Q and A with two of Durham’s torch-bearers
Tom Ryder caught up with Kira Roberts, Durham University student and elite fencer, after her stint with the torch…
How did you find carrying the torch, how did you enjoy it?
It was really really cool. Basically, I overslept this morning, and I got a call from the Samsung helper saying ‘Where are you?!’ so I ran out of bed and it was all a bit of a blur for the first hour!
They put us on a bus and showed us highlights from each day of the torch bearing so far, that was great and I had a bit of a cry! And then by the time you get out of the bus you’re just overwhelmed by people handing you their kids and asking you for pictures, it’s just an amazing feeling.
What route did you take?
We went through part of Sherburn for 300 metres, a slow run. I got passed on from a guy called Kieran and passed it onto a trampolinist with Cystic Fibrosis called Paul. I had a good chat to them.
And there were no slip-ups, drops or burnings?!
This morning when I was running to get to the torch meeting point I twisted my ankle again (because I’ve already twisted it last week) so that was pretty bad and I was wondering how well I’d be able to run.
How was the support on the streets?
There were loads of people running alongside it which was pretty cool – the crowds as well as the helpers. There was plenty of support and my mates had a ‘Go Kira Go!’ banner.
They had all the pictures of my missing friends superimposed and held them up too, so everyone who couldn’t be there was there sort of! My grandmother also came fromSingapore so that was really nice.
And how is training and preparation going at the moment?
Unfortunately I didn’t make the Olympic team this time around, so I’m taking a bit of a break and I’ll probably start up again around August. There are nationals in October which I really want to do well in because it’s the first competition after the Olympics where everyone will be on form again. I’ve come second and third in that last year and the year before so it’ll be good to get first this year.
Has the buzz around the Olympics been what you’ve anticipated? Did you feel it when you were carrying the torch?
When I was carrying it not so much, but the build up to it where they show you highlights and things, it was very much a case of ‘Wow’. You get to meet all of the torch bearers as well. The other Durhamstudent Naomi was on there as well so I got to speak to her.
Do you see it as a good advert for Durham and the North East generally, the way the celebrations have gone up here?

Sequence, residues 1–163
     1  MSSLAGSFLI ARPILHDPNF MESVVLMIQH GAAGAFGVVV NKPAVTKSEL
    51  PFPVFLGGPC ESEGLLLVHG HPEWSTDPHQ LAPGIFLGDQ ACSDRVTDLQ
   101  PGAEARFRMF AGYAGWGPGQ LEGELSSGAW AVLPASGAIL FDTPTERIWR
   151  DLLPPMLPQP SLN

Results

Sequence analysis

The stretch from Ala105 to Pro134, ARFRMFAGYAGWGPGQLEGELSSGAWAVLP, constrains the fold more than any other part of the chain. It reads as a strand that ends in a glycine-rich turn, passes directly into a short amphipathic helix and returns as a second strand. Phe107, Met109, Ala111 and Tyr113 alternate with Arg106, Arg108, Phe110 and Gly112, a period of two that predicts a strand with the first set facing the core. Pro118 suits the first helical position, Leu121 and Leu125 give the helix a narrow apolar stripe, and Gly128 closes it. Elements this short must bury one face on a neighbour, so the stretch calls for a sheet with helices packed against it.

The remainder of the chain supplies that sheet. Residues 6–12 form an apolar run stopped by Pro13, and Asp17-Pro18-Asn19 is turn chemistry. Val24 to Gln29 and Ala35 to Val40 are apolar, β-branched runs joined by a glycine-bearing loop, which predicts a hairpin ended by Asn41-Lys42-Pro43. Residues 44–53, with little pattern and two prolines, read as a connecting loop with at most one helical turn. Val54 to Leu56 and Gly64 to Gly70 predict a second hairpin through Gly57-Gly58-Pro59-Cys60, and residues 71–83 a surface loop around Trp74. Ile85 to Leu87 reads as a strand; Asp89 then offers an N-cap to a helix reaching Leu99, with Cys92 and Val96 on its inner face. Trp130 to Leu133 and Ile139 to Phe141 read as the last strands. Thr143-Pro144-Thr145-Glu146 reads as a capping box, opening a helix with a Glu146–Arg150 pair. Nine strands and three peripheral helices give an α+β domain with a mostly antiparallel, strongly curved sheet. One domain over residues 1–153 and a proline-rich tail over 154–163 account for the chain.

It’s definitely helped promote the University because I had a couple of people ask me ‘are you that student from Durham’ and I was like ‘yes!’ So obviously it’s gone well for them. I think it helps promote the area as well, it brings everyone together.
There were loads of parties as well on the sides of the streets which I thought was really nice.
Steph Elliott, Durham University women’s hockey first-team captain and England U21 representative, was also bestowed the honour of carrying the torch. Spencer Brown spoke to her after her once-in-a-lifetime experience…
Where does carrying the torch rank in your sporting achievements so far?
It’s just completely different, on a whole other scale to anything I’ve ever experienced before. I was just very proud to be part of it and lucky enough to have the opportunity.
How did you receive the news that you had been selected?
Gavin Featherstone [head coach of the university hockey set-up] told me that the University had put me forward for it randomly during a team meet in the maiden castle car park, so it came as a bit of a shock.
For how long did you carry the torch for?
I carried it 300m… although it felt like 3 seconds!
Are you looking forward to the 2012 Olympics, and do you have ambitions of competing yourself in an Olympics one day?
Yes it’s really got me up for it, especially since the torch run and I may be there for the hockey final which would be amazing! I don’t really know the odds but I do hope to compete in the future at the Olympics, despite how realistic this achievement actually is.